For one young farmer in Northwest Georgia named Stacie Marshall, her personal awakening began with a horrifying discovery: She learned that her ancestors kept enslaved people. On the latest Georgia Today podcast, we hear how she’s now working to heal race relations in her community.
How did a Kennesaw woman with strong family ties and hopes for the future end up dead on the steps of the United States Capitol? Rosanne Boyland’s family blames QAnon and other political conspiracy theories for leading her to her death at the pro-Trump insurrection in Washington on Jan. 6. On the latest Georgia Today podcast, New York Times reporter Nicholas Bogel-Burroughs shares what he learned about Boyland’s life, her death, and her journey into the shadowy world of QAnon.
The Atlanta Hawks were not supposed to come very far this season considering injuries, a mid-season coaching change, and a pandemic-ravaged season. But thanks to a 22-year-old team member and phenom named Trae Young, the team is electrifying the city. Mike Conti, Managing Editor of 92.9-FM The Game and analyst for the Atlanta Hawks Radio Network joins us for this episode of Georgia Today.
Imagine receiving anonymous text messages telling you your family will be killed. That’s exactly what happened to Tricia Raffensperger, wife of Georgia Secretary of State Brad Raffensperger. This and other threatening messages first came to light after new reporting into the harassment many elections officials have lived with since Donald Trump lost Georgia in November. The investigation by news outlet Reuters reveals the scope of Trump supporters’ months of menacing tactics and never-before-seen texts, voicemails and emails directed at elections officials across the state.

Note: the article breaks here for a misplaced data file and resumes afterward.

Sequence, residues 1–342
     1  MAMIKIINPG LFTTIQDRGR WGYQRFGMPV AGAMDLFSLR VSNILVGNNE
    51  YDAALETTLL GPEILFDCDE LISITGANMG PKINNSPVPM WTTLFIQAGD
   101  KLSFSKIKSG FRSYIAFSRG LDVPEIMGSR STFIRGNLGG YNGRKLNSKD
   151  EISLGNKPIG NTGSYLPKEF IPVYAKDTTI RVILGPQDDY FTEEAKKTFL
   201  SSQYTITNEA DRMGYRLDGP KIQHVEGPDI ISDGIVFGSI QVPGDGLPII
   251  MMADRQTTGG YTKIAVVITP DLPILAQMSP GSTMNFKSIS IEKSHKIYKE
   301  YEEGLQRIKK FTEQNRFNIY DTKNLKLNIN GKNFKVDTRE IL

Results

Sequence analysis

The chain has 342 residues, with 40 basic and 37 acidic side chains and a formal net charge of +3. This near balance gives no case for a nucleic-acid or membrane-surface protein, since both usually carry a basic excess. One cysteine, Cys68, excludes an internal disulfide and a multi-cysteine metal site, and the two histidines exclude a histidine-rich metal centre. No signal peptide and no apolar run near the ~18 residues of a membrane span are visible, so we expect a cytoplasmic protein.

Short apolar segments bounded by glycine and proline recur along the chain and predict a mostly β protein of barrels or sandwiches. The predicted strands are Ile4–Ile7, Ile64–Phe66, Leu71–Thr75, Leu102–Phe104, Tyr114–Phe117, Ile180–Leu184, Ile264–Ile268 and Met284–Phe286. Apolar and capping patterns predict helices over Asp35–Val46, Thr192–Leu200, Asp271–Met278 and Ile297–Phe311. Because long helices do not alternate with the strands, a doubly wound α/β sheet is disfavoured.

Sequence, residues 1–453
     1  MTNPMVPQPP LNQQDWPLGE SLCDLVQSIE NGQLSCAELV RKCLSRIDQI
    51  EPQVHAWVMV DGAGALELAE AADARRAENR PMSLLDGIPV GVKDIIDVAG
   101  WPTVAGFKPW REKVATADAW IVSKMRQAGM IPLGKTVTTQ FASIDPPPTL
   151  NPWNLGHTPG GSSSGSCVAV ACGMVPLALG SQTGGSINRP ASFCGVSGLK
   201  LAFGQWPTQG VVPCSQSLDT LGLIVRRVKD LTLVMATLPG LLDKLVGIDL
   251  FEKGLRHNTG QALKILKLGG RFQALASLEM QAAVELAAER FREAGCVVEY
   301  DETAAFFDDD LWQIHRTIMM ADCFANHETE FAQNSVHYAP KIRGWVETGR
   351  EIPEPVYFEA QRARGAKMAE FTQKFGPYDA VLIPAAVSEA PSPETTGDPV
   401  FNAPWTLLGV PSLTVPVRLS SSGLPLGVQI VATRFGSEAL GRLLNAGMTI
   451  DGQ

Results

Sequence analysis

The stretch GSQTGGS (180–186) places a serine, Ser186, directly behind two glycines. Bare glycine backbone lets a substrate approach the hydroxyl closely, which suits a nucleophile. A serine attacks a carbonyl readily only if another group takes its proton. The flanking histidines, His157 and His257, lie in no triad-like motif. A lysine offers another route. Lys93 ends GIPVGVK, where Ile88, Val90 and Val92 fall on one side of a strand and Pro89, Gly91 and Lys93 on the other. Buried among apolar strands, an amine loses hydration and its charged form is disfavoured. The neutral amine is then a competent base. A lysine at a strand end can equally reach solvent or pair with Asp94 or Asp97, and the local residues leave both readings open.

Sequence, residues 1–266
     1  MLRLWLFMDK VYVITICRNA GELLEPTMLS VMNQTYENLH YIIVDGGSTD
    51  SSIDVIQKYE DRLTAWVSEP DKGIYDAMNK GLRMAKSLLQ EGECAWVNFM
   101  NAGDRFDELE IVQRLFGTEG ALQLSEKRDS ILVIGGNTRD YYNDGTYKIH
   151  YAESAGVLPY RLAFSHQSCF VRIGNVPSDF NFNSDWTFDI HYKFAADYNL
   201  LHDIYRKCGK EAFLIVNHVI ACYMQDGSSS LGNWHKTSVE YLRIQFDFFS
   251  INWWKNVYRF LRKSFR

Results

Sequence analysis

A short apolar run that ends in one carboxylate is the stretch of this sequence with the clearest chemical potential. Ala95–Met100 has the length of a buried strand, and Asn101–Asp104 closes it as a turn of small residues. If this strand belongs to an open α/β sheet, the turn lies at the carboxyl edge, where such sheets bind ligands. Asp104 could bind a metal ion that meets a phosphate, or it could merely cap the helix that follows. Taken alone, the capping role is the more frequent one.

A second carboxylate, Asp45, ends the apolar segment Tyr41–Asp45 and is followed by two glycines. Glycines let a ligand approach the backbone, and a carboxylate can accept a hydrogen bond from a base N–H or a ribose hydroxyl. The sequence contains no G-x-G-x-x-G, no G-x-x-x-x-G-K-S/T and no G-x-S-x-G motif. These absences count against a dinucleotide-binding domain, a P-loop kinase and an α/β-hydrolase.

Former president Donald Trump continues to overshadow the Georgia GOP. But not every Republican in the state is on the same page. Will the GOP unify in time for the next elections? Georgia Today explores that question and more with guest Maya Prabhu, a political reporter at the Atlanta Journal-Constitution.
Public trust is a priority for Lou Dekmar, Police Chief of LaGrange, Georgia, since 1995. Chief Dekmar is evolving and adapting his force to an era when police are social workers with guns. This week on Georgia Today, we listen to some of his bold initiatives in policing.